The PLASIM model (Lunkeit et al., 2011; Fraedrich et al., 2005) is an intermediate-complexity global climate model, with a dynamical core and parameterised physical processes. It includes parameterisation schemes for land–surface interactions, radiation, and convection. There are several versions of the PLASIM model, where adaptions have been made to allow inclusion of additional climatic components such as vegetation, sea ice, and ocean (Holden et al., 2016; Platov et al., 2017). We use the version developed by Shifter et al. (2020), which features a large-scale geostrophic ocean component. Vertically there are 10 atmospheric levels, and horizontally the spectral resolution is T42, which approximately corresponds to 2.8∘. When focusing on the large-scale features over long timescales, the PLASIM model is an invaluable tool for investigating various future scenarios at a low computational cost.
The PLASIM model has previously been used to investigate regime transitions on a range of timescales, including the arid-to-hyperarid transition of the Atacama Desert (Garreaud et al., 2010) and the effect of a permanent El Niño state on susceptible tipping elements like the Amazon rainforest and the Sahel Belt (Duque-Villegas et al., 2019). PLASIM has also been used to simulate global-scale transitions between a warm (current climate) and a snowball state (Boschi et al., 2013; Lucarini et al., 2013), which has helped to advance understanding of the multistability properties of the Earth's climate system (Lucarini et al., 2010; Gómez-Leal et al., 2018; Margazoglou et al., 2021). In terms of future climate projections, the PLASIM model has been used as an emulator (Holden et al., 2014; Tran et al., 2016) and to support the application of Ruelle's response theory (Ragone et al., 2016; Lucarini et al., 2017).
There are multiple precedents for using both PLASIM and other models of a similar complexity for climate simulations regarding the Asian monsoons (Wang et al., 2016; Thomson et al., 2021; Herbert et al., 2022). In terms of lower-complexity models, Zickfeld et al. (2005) use a box model of the tropical atmosphere to investigate the stability of the South Asian monsoon to changes in planetary albedo and carbon dioxide concentration. For higher-complexity models, there is an abundance of literature where CMIP5 and CMIP6 standard models are used to explore the response of the South Asian and East Asian monsoons to future climate scenarios (Menon et al., 2013; Li et al., 2015; Kitoh, 2017; Swapna et al., 2018; Varghese et al., 2020; Krishnan et al., 2020; Almazroui et al., 2020; Chen et al., 2020; Moon and Ha, 2020; Wang et al., 2020, 2021; Swaminathan et al., 2022; Intergovermental Panel on Climate Change, IPCC, 2013, 2021). Here, we use PLASIM to quantify the responses of the South Asian and East Asian monsoons to a range of future climate scenarios entailing different levels of CO2 concentration and localised aerosol forcings.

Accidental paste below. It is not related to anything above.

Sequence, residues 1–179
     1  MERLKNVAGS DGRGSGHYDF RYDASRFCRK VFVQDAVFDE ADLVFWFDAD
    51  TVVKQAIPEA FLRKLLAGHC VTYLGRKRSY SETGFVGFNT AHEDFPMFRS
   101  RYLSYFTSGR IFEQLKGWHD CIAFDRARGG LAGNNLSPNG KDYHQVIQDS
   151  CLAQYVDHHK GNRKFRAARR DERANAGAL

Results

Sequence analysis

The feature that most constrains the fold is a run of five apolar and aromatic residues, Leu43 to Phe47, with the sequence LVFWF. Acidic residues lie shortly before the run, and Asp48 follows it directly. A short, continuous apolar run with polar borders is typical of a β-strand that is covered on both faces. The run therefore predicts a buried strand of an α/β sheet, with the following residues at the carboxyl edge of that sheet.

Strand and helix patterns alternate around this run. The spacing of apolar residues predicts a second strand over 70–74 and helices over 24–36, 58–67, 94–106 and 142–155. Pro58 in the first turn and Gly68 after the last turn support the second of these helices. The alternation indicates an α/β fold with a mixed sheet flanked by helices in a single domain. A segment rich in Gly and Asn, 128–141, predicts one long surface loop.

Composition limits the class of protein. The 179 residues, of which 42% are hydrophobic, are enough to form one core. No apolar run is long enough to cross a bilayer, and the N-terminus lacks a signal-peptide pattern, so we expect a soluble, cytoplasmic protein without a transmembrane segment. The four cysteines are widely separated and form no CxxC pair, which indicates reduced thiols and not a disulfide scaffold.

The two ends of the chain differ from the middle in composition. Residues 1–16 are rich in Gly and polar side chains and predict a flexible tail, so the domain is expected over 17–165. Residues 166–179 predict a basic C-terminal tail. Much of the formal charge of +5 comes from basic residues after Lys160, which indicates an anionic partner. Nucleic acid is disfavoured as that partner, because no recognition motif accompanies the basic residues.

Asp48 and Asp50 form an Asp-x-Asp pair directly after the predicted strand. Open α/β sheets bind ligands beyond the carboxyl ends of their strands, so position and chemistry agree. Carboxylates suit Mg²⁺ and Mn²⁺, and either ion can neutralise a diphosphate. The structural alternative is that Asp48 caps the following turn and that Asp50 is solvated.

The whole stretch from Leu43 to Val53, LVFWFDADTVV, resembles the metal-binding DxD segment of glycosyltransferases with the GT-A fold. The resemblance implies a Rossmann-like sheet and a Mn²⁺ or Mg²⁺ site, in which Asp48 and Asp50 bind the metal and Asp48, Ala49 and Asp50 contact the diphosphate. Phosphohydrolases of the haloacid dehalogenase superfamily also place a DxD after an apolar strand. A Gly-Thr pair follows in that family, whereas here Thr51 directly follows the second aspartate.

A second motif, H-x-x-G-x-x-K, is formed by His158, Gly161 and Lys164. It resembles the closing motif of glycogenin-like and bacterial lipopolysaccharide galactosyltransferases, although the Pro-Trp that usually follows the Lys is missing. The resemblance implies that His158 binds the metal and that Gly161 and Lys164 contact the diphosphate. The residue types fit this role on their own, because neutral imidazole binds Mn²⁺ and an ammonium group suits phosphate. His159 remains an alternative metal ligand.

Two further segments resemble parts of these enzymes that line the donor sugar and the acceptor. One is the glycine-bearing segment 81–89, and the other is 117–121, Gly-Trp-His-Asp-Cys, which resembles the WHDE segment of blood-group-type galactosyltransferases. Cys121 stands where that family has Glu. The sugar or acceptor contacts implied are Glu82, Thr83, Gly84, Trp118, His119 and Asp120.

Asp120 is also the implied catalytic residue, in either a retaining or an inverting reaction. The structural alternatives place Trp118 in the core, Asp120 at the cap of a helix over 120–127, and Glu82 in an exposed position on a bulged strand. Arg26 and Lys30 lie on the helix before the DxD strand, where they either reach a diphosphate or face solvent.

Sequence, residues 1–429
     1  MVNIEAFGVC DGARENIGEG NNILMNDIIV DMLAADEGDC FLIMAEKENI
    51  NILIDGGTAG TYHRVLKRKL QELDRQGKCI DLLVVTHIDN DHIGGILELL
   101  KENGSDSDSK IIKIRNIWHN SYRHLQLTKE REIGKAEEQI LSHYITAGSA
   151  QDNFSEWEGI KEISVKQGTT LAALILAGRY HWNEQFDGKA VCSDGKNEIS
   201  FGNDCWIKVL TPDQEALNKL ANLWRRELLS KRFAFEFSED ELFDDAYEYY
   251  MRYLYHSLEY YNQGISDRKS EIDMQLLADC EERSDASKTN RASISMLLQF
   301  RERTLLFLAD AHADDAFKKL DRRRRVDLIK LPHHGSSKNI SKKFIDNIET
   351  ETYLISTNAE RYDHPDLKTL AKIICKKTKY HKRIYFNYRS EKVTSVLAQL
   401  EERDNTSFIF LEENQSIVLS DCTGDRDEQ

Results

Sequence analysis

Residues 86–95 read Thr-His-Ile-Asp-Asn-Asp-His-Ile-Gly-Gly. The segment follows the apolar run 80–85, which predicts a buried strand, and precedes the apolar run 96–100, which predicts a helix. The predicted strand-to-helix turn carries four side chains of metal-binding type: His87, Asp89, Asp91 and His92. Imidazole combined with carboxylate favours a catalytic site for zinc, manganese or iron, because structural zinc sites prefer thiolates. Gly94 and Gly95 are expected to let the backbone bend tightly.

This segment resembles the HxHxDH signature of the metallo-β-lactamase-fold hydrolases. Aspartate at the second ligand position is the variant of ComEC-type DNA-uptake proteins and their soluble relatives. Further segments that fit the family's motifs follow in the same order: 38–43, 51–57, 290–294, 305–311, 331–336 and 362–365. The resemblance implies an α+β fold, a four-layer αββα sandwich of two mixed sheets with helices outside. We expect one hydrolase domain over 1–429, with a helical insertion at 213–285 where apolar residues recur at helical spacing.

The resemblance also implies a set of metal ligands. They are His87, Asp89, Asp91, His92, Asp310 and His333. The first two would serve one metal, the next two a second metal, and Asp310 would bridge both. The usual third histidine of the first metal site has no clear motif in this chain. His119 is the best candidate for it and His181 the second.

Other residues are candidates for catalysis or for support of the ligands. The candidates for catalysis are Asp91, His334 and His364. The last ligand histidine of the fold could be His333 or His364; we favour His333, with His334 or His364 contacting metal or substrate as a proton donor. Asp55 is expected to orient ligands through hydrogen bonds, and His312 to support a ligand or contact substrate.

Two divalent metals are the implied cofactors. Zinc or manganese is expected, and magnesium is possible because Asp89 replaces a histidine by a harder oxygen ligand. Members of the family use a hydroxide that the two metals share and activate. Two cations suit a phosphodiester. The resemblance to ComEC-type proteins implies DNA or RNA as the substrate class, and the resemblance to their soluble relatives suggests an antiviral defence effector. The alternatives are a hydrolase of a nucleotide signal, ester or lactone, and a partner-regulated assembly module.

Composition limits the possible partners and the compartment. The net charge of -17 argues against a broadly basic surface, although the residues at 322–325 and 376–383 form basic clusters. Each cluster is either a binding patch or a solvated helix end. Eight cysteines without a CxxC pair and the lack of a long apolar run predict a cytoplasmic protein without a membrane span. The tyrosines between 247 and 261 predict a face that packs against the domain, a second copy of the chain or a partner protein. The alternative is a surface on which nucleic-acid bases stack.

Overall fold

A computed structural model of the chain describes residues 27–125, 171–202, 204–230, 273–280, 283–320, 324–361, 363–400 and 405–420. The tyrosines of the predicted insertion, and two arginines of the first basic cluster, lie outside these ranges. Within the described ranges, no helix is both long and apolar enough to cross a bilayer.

2.1 Model validation
A brief evaluation of the PLASIM model is conducted in order to show that the model is capable of reproducing the key features of the South Asian and East Asian monsoons to a sufficient degree of accuracy for our purposes. Similar versions of the PLASIM model have been shown to perform well in climate simulations (Holden et al., 2016; Platov et al., 2017). Figures 1–4 and S1 show the performance of a 100-year control simulation against ERA5 reanalysis data averaged over years 1988–2017 (Copernicus Climate Change Service, 2017) for key variables of surface temperature, relative humidity, circulation, vertically integrated moisture transport, and precipitation. The PLASIM control simulation has no absorbing aerosol forcing and uses a reference carbon dioxide concentration of 360 ppmv. The left column shows the June–July–August (JJA) average, and the right column shows the December–January–February (DJF) average.
There is a clear difference between summer (JJA) and winter (DJF) in Figs. 1–4 and S1, with the PLASIM model capturing the strong seasonality in the Asian region and in fair agreement with ERA5 reanalysis data. Figure 1 shows the increase in surface temperature of the Eurasian landmass in summer, creating a thermal contrast with the relatively cooler ocean. North of the Himalayas, the accelerated heating of the Tibetan Plateau can be seen, which plays a pivotal role in the development of the South Asian and East Asian monsoons.
The seasonal reversal in low-level winds is distinctly visible in Fig. 2. In winter, the 850 hPa winds over South Asia are easterly, but in summer they are westerly. PLASIM overestimates the dryness to the north and west of India in summer but underestimates the westerly winds over South Asia, compared to ERA5 reanalysis data. During winter, PLASIM has higher easterly wind speeds at 10–15∘ N for the 850 hPa level than ERA5 reanalysis data. At 200 hPa (Fig. 3), the tropical easterly jet is present over the summer months. The formation of the tropical easterly jet is linked with the area of high pressure over the Tibetan Plateau and the resulting anticyclone. Figure 3 also shows the migration of the westerly subtropical jet from south of the Tibetan Plateau in winter to north of the Tibetan Plateau in summer. The subtropical jet is shown with lower wind speeds in summer for PLASIM than ERA5 reanalysis, although the wind speeds are more comparable between the datasets in winter. The relative humidity at high levels over the Asian continent is lower in ERA5 reanalysis than PLASIM, particularly during winter.